When one thinks about the Holocaust, very often it is about the horrors of the camps. Most people are unaware that many of us survived without ever seeing any of the camps. Mine is one of these stories.

I was born on November 13, 1939, at the Jewish Hospital in Berlin, Germany. My parents were employees of the hospital and would later, after the war, continue to work there.

It soon became clear that we were not safe, and my grandmother and I, along with about 800 Jewish people, moved into the vast cellars beneath the hospital buildings.

Many of us survived without ever seeing any of the campsWhile we were moving into the cellars of the hospital, the Nazis were kicking the patients out as they themselves moved into the hospital buildings. This was to be a lifesaver for my parents and, indirectly, for us. My parents were arrested and began to serve the Nazis’ needs, such as cooking, cleaning, etc.

Because my parents were performing slave labor, they sometimes were able to smuggle food down to us, for we had nothing.

The Nazis also had some prisoners of war housed on the grounds. They were allowed visits from the Red Cross, and often received food that way. I remember sneaking out at night to see a particular French prisoner who would share what little he had. He would teach me French children’s songs, and these visits became a bright spot in my very young life.

Amazingly, there were many bright spots. The adults would tell me stories and we would sing songs. There was much humor and kidding around. I didn’t know or understand it then, but today I realize it was all done to keep our courage up, as a positive outlook would help us survive.

We practiced Judaism to the best of our ability. We observed Shabbat and the holidays with prayer and song.

For me, because of my youth, living in a cellar seemed normal. I could, after all, not remember anything else. I didn’t realize that I was severely underweight and abnormally pale, and had some physical problems that couldn’t be addressed.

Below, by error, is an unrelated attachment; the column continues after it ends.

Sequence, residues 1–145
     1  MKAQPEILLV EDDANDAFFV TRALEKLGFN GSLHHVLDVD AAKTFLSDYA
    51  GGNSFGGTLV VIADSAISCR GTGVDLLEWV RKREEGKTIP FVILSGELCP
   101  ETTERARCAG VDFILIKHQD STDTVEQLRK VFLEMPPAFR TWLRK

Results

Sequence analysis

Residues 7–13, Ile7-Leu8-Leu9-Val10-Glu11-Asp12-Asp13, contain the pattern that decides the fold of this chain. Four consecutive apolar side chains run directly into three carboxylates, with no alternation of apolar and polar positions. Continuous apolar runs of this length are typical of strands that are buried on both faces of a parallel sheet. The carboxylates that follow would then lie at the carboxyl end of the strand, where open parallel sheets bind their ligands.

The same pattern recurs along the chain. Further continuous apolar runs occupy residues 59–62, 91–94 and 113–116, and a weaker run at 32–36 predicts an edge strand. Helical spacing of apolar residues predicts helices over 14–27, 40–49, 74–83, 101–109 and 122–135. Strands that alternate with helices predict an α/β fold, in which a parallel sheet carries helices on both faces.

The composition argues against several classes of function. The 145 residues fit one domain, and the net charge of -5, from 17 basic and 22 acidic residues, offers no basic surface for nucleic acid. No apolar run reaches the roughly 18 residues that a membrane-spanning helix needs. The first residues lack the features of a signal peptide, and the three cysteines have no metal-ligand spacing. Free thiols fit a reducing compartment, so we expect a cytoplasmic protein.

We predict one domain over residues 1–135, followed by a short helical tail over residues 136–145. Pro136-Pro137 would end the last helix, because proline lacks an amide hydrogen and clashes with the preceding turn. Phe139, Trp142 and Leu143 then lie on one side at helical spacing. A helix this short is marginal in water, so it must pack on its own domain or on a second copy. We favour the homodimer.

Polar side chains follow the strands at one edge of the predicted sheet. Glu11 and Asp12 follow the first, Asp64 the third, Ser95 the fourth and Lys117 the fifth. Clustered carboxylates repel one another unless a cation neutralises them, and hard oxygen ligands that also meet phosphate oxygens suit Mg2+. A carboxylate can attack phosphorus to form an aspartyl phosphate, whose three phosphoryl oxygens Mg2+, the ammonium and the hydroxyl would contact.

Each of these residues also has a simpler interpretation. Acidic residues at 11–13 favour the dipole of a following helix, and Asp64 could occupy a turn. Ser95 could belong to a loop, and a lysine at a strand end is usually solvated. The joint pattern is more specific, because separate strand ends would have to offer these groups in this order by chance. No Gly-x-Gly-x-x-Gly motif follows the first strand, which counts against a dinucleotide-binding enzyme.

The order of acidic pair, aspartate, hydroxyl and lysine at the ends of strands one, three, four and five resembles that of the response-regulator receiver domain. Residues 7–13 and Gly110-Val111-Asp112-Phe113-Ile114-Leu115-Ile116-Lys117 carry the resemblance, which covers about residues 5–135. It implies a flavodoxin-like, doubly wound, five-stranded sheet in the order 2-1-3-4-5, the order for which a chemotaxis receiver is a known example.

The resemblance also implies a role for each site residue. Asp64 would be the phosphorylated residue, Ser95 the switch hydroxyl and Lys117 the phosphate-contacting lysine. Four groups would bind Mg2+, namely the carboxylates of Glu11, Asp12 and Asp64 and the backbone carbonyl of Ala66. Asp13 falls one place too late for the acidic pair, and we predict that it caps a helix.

Then, quite suddenly, my world changed. The war had ended and we were free. For me freedom was quite a shock. Nothing seemed real and I couldn’t understand what had happened. I was frightened by it all.

This brings us to a part that is seldom talked about: the aftermath.

I was send to Switzerland for a three-month recuperation period. It was there that I first was introduced to Shabbat celebrated in a synagogue, sunny outings in beautiful parks, and more.

For me freedom was quite a shock. Nothing seemed real and I couldn’t understand what had happened. I was frightened by it allWhen I returned to Berlin, I was enrolled in school, and soon learned that I was different from the rest of the students. People today believe that the hatred ended with the end of the war, but I soon learned differently. In school, I was called names and beaten up many times, simply because I was Jewish. Today I know that these kids had been taught to hate and didn’t know any better. They too were afraid of the changes in their life.

In the meantime, life in Berlin seemed to take on a normal tone. People tried hard to put the past behind them. In 1954 my mother and I immigrated to the USA. This upset me greatly, as I was an ardent Zionist and longed to go to Israel.

Once in America we stopped all Jewish activity. In later years I tried to go to various synagogues, but never felt comfortable, never felt accepted, and quickly stopped going. I did join several Jewish organizations, but they were social, not religious.

Today, I am trying to find my way back to G‑d. I have always believed that without living the Jewish life I will never be totally happy. Chabad and especially the Jewish Woman have been a wonderful beginning for me

My life has taken on a normal tone. I have tried hard to put the past behind me, yet I will always carry the scars of my experiences, both physical and emotional.